Fit an alarm/bell to your gate so that you can hear visitors/trespassers enter your property or keep it locked.

But there is also a worrying rise in the number of dogs being grabbed from unsuspecting owners while out for a walk or stolen during house and kennel break-ins.
Make sure your house is secure, including good window and door locks. 

Just before Christmas, 4 four-week-old Cavoodle puppies were taken from a home at Elanora on the Gold Coast. Thieves used a crowbar to open a screen door and remove the dogs from the living room!

If letting your dog off the lead, make sure their recall is iron-clad, and try, as far as possible, to keep them in sight. If in any doubt, recall them and pop them back on the lead. If your dog’s recall is poor, keep them on a lead in open and non-secure spaces. Avoid giving information about your dog to strangers, and report any suspicious activity. If you feel unsafe, try to arrange group walks with friends or neighbours.

How to Keep your Pets Safe

Although it is now a legal requirement for all dogs to have an implanted microchip containing up-to-date information with each owner's details, it also make good sense for pet safety. 

Dogs that have been sold on to unsuspecting new owners or handed in to rescue shelters after being dumped, have been successfully reunited with their owners when scanned for a microchip at the vet.

Registering your lost pet with a national register and dog lost and found sites in your State and nationally provides another quick and effective way of circulating information on missing animals.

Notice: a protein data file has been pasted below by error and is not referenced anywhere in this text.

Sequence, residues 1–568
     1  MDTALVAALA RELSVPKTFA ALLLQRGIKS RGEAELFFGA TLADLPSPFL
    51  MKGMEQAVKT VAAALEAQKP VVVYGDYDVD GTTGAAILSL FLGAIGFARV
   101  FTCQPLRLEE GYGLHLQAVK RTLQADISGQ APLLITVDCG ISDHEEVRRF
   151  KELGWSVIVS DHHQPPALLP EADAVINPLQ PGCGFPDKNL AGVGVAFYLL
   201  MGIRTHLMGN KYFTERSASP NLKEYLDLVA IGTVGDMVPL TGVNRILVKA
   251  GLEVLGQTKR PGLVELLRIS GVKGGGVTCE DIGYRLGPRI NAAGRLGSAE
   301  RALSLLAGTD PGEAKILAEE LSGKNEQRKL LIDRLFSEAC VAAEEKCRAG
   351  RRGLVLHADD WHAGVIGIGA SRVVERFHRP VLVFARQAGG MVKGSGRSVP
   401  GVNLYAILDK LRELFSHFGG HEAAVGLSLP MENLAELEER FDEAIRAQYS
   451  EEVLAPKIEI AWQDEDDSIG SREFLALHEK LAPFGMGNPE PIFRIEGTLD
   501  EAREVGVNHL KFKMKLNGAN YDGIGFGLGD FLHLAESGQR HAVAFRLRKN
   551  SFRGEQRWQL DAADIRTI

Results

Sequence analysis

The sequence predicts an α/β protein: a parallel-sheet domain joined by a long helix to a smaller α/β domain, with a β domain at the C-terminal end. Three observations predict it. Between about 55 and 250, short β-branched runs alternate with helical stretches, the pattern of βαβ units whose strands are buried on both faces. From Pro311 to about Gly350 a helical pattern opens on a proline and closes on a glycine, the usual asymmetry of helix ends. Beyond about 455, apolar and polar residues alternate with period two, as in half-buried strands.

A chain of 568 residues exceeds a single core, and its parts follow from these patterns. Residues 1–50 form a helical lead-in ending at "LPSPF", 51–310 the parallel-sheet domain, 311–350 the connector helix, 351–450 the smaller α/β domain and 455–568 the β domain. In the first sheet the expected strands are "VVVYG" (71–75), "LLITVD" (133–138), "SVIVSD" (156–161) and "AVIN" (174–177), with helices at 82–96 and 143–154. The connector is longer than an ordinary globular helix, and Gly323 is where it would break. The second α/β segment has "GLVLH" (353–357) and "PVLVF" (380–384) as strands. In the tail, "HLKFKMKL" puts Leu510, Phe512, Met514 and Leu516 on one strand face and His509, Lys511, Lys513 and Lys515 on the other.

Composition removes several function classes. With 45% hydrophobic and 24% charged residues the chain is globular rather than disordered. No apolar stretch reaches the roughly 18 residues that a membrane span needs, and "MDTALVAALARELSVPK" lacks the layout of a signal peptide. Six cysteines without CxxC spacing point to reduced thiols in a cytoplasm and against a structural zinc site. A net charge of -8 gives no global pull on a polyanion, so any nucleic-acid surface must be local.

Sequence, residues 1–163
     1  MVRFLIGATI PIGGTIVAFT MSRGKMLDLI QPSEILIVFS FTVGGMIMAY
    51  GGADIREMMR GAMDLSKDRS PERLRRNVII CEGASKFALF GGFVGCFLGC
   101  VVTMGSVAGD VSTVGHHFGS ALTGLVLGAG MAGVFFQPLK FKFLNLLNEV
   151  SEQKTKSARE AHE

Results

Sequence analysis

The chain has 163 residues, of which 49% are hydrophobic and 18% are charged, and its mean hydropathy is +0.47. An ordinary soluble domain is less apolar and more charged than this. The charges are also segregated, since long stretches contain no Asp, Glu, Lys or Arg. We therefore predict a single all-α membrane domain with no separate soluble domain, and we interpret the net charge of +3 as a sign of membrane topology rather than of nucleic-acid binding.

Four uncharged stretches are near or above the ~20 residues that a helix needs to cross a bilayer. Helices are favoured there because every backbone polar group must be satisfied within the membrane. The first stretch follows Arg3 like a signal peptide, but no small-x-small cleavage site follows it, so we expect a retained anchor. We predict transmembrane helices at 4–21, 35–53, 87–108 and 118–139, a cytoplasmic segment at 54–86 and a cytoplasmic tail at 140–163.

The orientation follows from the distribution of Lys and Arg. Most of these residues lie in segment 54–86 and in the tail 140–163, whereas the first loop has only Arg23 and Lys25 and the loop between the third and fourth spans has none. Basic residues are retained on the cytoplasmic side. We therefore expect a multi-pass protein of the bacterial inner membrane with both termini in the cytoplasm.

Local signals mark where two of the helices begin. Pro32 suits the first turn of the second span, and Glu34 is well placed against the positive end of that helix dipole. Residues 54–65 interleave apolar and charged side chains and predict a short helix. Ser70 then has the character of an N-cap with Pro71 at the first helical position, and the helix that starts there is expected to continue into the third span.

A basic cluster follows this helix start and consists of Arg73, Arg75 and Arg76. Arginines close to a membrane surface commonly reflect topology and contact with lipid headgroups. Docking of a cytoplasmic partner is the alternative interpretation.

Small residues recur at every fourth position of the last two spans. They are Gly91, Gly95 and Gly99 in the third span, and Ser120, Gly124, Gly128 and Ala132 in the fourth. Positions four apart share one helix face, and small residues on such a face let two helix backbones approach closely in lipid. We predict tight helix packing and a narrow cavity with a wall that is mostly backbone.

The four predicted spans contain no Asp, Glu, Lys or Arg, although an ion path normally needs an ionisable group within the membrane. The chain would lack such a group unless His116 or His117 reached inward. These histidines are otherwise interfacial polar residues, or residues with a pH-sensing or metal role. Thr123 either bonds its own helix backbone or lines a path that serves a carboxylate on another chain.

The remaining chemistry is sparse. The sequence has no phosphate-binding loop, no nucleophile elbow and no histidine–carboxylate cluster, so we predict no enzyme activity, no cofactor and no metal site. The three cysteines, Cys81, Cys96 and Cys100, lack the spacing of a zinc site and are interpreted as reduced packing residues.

Social media has led to many success stories, too, by making dogs “too hot to handle”. Make sure you have clear photos of your dog from multiple angles

As technology continues to develop, pet tracking devices have become more common. Linked to an app on a smartphone, they allow owners to monitor their dogs' whereabouts. However, they're reliant upon the dog wearing a collar with the device attached and it would be the first thing a thief would discard

If you find yourself in a situation where you think your pet was stolen:
  1. Immediately file a report with your local police department and animal control.
  2. Contact your pet’s microchip company, as well as local animal shelters and hospitals to see if your pet has turned up.
  3. Post fliers around your neighbourhood, especially in public spaces and businesses, with your pet’s photo, name, breed(s), colour, weight and any distinguishing characteristics.
  4. If you offer a reward, ask for a very detailed description of your pet and how they came into that person’s possession. If you suspect that you are being scammed, call the police. Offering a reward for a missing dog can encourage a swift return but also increases the appeal of dog theft, encouraging criminals to cash in on the reward – or even demand a ransom.
  5. Monitor newspaper ads and online postings to look for any that might fit your pet’s description.
Although dog theft is now a sad reality, an awareness of the problem and the use of deterrents may be the key to at least minimising the risk of theft. It is your best friend after all.